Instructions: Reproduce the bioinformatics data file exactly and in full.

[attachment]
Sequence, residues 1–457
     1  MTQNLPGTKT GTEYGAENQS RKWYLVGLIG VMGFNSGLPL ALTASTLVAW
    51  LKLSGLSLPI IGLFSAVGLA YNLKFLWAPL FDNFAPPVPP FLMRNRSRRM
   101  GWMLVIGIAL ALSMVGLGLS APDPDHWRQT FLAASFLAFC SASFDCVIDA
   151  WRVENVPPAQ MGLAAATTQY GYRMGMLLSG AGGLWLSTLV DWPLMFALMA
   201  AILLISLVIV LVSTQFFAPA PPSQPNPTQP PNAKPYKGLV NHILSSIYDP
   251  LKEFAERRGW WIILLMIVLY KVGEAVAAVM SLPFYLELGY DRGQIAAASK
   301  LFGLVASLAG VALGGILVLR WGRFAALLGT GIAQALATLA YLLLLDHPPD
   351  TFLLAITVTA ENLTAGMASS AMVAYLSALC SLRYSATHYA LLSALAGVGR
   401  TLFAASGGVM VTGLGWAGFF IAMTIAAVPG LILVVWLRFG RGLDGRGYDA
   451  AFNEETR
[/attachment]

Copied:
Sequence, residues 1–457
     1  MTQNLPGTKT GTEYGAENQS RKWYLVGLIG VMGFNSGLPL ALTASTLVAW
    51  LKLSGLSLPI IGLFSAVGLA YNLKFLWAPL FDNFAPPVPP FLMRNRSRRM
   101  GWMLVIGIAL ALSMVGLGLS APDPDHWRQT FLAASFLAFC SASFDCVIDA
   151  WRVENVPPAQ MGLAAATTQY GYRMGMLLSG AGGLWLSTLV DWPLMFALMA
   201  AILLISLVIV LVSTQFFAPA PPSQPNPTQP PNAKPYKGLV NHILSSIYDP
   251  LKEFAERRGW WIILLMIVLY KVGEAVAAVM SLPFYLELGY DRGQIAAASK
   301  LFGLVASLAG VALGGILVLR WGRFAALLGT GIAQALATLA YLLLLDHPPD
   351  TFLLAITVTA ENLTAGMASS AMVAYLSALC SLRYSATHYA LLSALAGVGR
   401  TLFAASGGVM VTGLGWAGFF IAMTIAAVPG LILVVWLRFG RGLDGRGYDA
   451  AFNEETR